- Suspect, 17, charged in Halloween hit-and-run in Roscoe
- Saint Anthony College of Nursing president to retire
- Man found guilty in deadly August 2013 crash at Mulford and Garrett Lane
- ‘The Price is Right Live!’ at Coronado March 1; tickets on sale Nov. 21
- Rockford’s E. Faye Butler to perform at Ten Chimneys in Wisconsin
- Stockholm Inn to be honored by Illinois Office of Tourism
- Winnebago County Sheriff’s Office to be out in force during Thanksgiving holiday
- Wallace co-sponsors bill to increase minimum wage
- Stadelman’s measure to prevent layoffs passes state Senate
- More than 46 million Americans to travel for Thanksgiving, most since 2007
Recreational liability legislation passes both Illinois House and Senate
May 31, a great conservation success was had, and we wanted you, our supporters and friends, to be the first to know.
After seven years of negotiation and work by Openlands and our partners, the Illinois General Assembly unanimously passed legislation to reinstate protection for landowners in Illinois who open their land to the public for recreation.
This legislation, which restores liability protections for landowners who allow the public access to their land for activities such as fishing, hiking or birding, is now headed to the governor’s desk.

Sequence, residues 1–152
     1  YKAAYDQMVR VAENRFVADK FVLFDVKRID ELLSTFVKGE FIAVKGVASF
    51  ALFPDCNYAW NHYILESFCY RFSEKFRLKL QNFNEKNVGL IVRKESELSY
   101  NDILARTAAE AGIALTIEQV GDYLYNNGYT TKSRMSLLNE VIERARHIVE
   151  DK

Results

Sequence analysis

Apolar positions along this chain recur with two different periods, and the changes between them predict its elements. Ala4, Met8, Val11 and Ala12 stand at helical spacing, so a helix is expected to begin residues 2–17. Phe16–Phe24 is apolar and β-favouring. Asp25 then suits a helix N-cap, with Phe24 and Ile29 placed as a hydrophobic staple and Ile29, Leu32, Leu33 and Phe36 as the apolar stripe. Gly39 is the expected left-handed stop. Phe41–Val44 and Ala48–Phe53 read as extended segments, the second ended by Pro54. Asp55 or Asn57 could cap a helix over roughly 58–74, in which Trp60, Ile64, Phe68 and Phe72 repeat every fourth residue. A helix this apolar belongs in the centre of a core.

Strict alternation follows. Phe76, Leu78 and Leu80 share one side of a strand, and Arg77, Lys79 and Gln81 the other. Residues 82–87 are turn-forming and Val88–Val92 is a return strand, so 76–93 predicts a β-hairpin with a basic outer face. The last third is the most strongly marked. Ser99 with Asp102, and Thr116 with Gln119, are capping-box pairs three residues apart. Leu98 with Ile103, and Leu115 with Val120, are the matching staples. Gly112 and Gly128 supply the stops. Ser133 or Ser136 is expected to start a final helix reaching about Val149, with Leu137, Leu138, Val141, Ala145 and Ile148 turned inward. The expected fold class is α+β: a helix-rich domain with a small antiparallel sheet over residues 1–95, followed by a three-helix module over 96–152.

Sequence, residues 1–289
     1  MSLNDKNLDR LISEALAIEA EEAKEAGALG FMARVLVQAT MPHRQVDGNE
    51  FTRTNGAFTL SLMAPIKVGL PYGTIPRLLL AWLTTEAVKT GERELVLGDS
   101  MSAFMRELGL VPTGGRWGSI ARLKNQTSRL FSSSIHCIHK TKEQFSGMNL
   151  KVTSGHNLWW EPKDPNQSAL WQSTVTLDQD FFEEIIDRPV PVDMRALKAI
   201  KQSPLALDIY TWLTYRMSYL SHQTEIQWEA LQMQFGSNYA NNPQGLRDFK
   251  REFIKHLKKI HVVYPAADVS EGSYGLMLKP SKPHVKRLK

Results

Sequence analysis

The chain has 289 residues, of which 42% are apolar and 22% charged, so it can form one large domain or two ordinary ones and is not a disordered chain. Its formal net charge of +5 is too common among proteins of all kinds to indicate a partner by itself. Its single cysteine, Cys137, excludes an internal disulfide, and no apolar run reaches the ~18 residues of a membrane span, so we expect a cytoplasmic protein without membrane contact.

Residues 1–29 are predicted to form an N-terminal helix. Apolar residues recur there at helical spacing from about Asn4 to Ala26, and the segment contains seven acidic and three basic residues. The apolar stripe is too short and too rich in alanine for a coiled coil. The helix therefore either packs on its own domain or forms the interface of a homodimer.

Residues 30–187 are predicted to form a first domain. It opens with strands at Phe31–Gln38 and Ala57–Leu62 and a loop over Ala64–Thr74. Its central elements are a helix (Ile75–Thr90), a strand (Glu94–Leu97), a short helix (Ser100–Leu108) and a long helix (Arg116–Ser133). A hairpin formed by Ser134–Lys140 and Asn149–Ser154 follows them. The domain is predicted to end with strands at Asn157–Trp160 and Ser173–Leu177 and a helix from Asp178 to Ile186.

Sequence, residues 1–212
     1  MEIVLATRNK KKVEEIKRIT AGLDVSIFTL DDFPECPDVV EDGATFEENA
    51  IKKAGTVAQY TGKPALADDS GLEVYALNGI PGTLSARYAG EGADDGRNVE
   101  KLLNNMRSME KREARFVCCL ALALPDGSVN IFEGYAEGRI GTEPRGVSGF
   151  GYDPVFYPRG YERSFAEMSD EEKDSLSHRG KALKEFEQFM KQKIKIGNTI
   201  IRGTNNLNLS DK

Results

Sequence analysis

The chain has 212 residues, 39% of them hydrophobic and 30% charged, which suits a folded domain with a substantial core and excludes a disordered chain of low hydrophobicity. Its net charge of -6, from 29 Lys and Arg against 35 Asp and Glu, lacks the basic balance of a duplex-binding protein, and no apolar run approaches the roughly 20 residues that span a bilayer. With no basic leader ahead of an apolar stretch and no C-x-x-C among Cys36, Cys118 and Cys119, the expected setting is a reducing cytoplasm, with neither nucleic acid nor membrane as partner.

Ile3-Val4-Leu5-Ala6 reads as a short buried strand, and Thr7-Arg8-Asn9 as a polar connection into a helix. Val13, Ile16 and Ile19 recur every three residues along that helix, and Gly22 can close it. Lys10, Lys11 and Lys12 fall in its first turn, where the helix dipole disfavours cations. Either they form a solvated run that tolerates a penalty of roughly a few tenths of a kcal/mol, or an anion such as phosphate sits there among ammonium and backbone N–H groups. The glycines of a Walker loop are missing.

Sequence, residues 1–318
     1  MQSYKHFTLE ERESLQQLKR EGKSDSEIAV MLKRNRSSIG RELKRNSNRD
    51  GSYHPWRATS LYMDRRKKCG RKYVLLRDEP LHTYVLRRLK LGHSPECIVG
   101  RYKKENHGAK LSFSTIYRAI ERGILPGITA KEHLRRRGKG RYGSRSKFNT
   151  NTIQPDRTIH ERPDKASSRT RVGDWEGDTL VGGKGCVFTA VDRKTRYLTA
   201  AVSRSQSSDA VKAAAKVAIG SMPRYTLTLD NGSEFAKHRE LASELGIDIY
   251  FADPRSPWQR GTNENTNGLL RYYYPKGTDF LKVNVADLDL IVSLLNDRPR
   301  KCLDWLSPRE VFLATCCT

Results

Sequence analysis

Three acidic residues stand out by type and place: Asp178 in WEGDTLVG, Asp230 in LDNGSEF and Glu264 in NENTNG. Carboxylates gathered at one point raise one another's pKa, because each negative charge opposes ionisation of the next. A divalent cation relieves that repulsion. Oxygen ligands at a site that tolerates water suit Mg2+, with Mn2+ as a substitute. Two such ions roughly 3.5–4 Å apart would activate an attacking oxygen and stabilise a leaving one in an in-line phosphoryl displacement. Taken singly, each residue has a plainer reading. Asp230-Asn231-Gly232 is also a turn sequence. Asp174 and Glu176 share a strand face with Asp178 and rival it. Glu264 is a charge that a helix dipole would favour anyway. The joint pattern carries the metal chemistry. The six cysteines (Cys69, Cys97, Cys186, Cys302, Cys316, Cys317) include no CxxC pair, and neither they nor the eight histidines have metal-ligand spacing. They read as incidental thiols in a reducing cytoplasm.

Conservation organizations, Openlands, The Nature Conservancy of Illinois, and the Illinois Environmental Council worked closely with state Sen. Don Harmon, D-Oak Park, and state Rep. Ann Williams, D-Chicago, to craft and pass this important bill.
In a time where it is increasingly difficult for the government to acquire more land, this legislation provides access to beautiful places to go hiking, camping, kayaking, boating and bird-watching, increasing opportunities to connect to nature for people without any cost to the state.
The law will provide protection for the generous landowners who provide a valuable public service by opening their properties and dramatically increasing open space available to the public.
In 2005, Illinois became the only state in the U.S. that didn’t provide protection for private landowners; now in 2013, we can be proud to provide those protections once more.
Visit www.openlands.org for further updates.
Posted June 5, 2013